engine and take it to the speed shop. We clean it up in the hot tank, bore
it .250 over and install new cam bearing and freeze out plugs, etc. Cost:
about 125 bucks. Now, for the important internal goodies. We order a 5/8th
inch welded stroker crank, Chrysler boxed steel rods, 13 to one forged
pistons and an Engle cam, just like Stone, Woods, and Cook ran. Total
cost, about 1200 dollars. This resulted in a 460 cubic inch engine. A set
of Hilborn injection and a magneto are next, about another 1000 dollars. I
cash in about seven years of savings bonds for my share along with the
cash from the old dragster's engine.
Tom comes into the garage one day with a set of head gaskets. I ask him
what they are for. He says he picked them up at the Olds dealership. They
are from a ‘60 Oldsmobile. He checked the parts manual and saw that the
‘60 heads had bigger valves than a ‘58 Olds. Would they fit on the ‘58
Olds block? We take the gaskets over to the block and lay them on the head
surface. Sure enough, the bores match perfectly. Only the push rod holes
are misaligned along with two end water holes on the heads that stuck out
further than the matching holes in the block. No big deal, with the
availability of a little hot rodding ingenuity. We install the cam and
lifters and try the push rods. The push rods hit the head bolt hole bosses
in the block. I get my trusty pencil grinder going and spend about a week
grinding the clearance for the push rods. We wash the block down with soap
It's off to the junkyard again to look for a ‘60 Oldsmobile wreck.
Now remember, this is 1962, so that's an almost new car. We finally find
one after about two weeks of searching, and the heads cost us another 100
bucks. Wow, that new stuff is sure expensive, I'm thinking. I ported and
polished the heads and did a complete valve job. Cost was nothing, zero
for the labor. We make our own copper gaskets for the heads to eliminate
the end water holes. We finish the car and spend about an additional 1000
dollars for wheels and tires, fuel tank and hoses, new brake pads, and
safety stuff like a parachute and leather jacket and helmet. We paint the
whole thing ourselves and letter the cowl. We build a flat bed trailer for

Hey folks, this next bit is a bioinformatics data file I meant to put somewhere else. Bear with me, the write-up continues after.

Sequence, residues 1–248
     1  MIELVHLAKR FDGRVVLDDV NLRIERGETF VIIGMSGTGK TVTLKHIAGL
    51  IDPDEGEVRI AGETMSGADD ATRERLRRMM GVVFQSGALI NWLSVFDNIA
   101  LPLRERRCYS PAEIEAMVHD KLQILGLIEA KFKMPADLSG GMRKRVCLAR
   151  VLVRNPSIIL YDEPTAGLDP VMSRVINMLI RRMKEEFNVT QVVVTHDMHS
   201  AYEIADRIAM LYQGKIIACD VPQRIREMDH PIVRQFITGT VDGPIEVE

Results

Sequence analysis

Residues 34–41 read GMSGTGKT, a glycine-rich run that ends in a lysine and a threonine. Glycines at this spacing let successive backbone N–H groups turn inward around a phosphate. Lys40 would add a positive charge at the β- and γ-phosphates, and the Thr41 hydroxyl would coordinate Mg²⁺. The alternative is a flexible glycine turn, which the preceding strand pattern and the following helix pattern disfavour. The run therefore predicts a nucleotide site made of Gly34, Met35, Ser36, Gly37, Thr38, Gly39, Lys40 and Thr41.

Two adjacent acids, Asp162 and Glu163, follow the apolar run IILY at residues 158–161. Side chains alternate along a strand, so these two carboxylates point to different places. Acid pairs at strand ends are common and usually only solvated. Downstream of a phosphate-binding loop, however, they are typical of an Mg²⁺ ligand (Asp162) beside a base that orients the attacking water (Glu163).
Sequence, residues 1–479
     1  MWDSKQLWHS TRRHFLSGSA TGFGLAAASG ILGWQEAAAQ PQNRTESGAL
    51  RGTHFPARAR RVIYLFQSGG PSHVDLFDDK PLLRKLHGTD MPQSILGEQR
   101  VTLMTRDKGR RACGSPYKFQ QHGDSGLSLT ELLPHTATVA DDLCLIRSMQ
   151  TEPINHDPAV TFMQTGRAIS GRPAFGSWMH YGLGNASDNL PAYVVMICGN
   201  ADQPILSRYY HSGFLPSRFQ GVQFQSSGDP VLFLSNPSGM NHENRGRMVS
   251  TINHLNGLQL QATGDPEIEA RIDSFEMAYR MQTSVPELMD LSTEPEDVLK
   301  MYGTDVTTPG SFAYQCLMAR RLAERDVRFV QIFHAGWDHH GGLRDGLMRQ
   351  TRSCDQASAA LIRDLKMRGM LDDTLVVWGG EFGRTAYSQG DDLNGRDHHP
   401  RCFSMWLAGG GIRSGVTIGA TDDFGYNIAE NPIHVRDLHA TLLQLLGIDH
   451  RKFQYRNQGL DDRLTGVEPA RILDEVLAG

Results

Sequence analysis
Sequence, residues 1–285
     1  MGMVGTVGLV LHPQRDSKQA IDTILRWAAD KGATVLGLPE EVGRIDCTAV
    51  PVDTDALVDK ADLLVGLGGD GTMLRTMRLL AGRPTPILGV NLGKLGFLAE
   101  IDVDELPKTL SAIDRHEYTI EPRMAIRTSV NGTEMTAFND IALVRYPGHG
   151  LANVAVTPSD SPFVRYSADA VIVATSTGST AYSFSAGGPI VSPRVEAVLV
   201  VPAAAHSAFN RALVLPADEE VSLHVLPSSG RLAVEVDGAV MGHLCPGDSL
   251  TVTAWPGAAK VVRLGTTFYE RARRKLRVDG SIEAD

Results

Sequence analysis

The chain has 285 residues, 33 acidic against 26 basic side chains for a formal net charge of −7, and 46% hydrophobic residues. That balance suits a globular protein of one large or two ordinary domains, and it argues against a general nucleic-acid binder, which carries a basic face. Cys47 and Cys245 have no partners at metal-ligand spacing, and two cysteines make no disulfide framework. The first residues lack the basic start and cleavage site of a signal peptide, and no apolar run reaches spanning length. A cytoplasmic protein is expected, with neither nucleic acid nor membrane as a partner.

about another 500 dollars and we're ready to go racing.
So my friends, your part of this story is to add up all the costs to
see what it took to go drag racing in 1962 with an A/Gas Dragster. The car
ran for a couple of years in the high 9-second range at about 145 miles
per hour. We sure had fun with this car, and we learned a lot. The engine
lasted until we tried to step up to run Nitro one weekend. Welded
crankshafts and steel rods couldn't handle that combo. We retired again,
licked our wounds, sold off what was left, and waited for the next little
urge to strike us. It didn't take too long; this time it was a Fiat
steering gear we found.
Sure would be nice for you young folks to contribute to the history
lessons. I just think you don't need to sell the farm to get a dragster
on the track. I'll bet if you looked around for some used parts though,
and found a used chassis, put a little elbow grease to work, you could
write your own story in about 40 years. You don't need to be a big
winner right away. You can play sandlot baseball; you don't need
uniforms and a little league with managers to play baseball. Go ahead,
have some fun; you'll come out ahead of the folks wasting their time on
the other foolish stuff that goes on today. I just saw a complete rolling
chassis for 3100 dollars. It's front engined and only 118 inches long,
but it will work. I'd buy a big cubic inch motor like a 455-inch Buick,
stuff it in, and go have some fun. I'll bet you didn't know that a 455
cubic inch Buick engine in a Buick car was the quickest factory hot rod
straight from the big three ever. Jeez, I wonder what one would turn in a
quarter mile in that little dragster. See you at the races. If you see us,
come on over and say hello. We'll be easy to spot; we'll probably be
the guys with all the used stuff.